Combining photonics and electronics would bring the advantages of speedy optical data transfer to the increasingly miniaturized world of electronics. Ideally photonics and electronics elements would be seamlessly integrated but many traditional photonics components are tricky to replicate in silicon, a fundamental challenge being a source of light on-chip. Now researchers at Yale University, Arizona University and the University of Texas at Austin show how this hurdle may be tackled using a silicon Brillouin laser.
When a material is strained, its refractive index changes due to “Brillouin scattering” from strain-induced deformations. In a crystal this strain may be due to acoustic vibrations in response to the electric field from an intense beam of light – stimulated Brillouin scattering. Put this scenario in a ring structure where the optical gain from stimulated scattering overcomes roundtrip loss and you have a Brillouin laser.
While the power and flexibility of Brillouin lasers has already attracted notice, as Peter Rakich, and Nils Otterstrom at Yale University and their co-authors point out in a report of their work, Brillouin interactions are markedly weak in conventional silicon photonic waveguides. The trick with this latest work was devising a silicon system with “unusually large Brillouin coupling”.
Narrowing in on Brillouin lasing in silicon
For the Brillouin lasing silicon system the researchers fabricated a racetrack structure from single crystal silicon on insulator. They then removed the insulator under the two long edges and it is these two suspended waveguide sections that produce large intermodal Brillouin gain.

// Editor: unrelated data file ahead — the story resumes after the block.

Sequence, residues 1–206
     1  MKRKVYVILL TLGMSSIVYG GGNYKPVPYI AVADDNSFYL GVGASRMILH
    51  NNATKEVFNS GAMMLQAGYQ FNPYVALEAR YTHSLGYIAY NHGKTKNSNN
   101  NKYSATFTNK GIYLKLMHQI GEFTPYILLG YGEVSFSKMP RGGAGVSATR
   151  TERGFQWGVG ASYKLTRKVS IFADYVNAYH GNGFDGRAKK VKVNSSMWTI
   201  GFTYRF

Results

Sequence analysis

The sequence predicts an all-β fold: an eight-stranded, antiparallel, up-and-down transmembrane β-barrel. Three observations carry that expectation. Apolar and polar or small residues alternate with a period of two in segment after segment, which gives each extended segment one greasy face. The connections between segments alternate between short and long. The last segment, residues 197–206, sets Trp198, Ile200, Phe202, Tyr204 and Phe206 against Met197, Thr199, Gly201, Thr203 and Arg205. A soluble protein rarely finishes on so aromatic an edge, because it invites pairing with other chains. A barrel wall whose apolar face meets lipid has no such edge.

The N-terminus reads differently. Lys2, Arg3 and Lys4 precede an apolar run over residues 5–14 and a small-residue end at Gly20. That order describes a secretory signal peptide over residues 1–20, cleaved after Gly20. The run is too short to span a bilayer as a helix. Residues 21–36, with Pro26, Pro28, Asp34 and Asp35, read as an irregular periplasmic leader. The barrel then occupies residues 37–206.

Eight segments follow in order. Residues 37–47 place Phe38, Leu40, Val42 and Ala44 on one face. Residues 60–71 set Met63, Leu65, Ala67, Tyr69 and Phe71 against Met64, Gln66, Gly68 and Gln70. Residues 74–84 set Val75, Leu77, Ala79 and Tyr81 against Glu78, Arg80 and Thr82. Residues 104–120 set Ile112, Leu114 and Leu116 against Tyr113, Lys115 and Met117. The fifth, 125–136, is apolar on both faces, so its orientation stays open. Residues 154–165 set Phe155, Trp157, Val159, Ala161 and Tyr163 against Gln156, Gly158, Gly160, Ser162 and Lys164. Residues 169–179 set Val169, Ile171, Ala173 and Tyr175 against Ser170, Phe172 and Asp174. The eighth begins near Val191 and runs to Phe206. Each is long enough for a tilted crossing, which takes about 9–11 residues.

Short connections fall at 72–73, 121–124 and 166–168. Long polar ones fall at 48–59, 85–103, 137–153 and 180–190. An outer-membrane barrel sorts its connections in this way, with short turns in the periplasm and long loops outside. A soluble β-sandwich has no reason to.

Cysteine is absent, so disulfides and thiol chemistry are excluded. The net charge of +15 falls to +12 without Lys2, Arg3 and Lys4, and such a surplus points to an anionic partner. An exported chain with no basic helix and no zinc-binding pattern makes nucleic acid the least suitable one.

Investigations of the system by injecting continuous wave pump light into an asymmetric cavity mode and analysing the “Stokes” scattered light emitted into a symmetric cavity mode revealed a 3% slope efficiency of input versus output power.
Another notable feature of the system’s response was the spectral compression – the curve describing the spectra of the Stokes emission narrowed by a factor of around a thousand to a line width with a resolution-limited value of just 20. This kind of monochromatic single-frequency output is a typical feature of lasers. Despite a high degree of acoustic spatial damping and lack of phonon feedback spectral compression occurred as long as the temporal acoustic dissipation rate was lower than that of the optical field.
Full details are reported in Science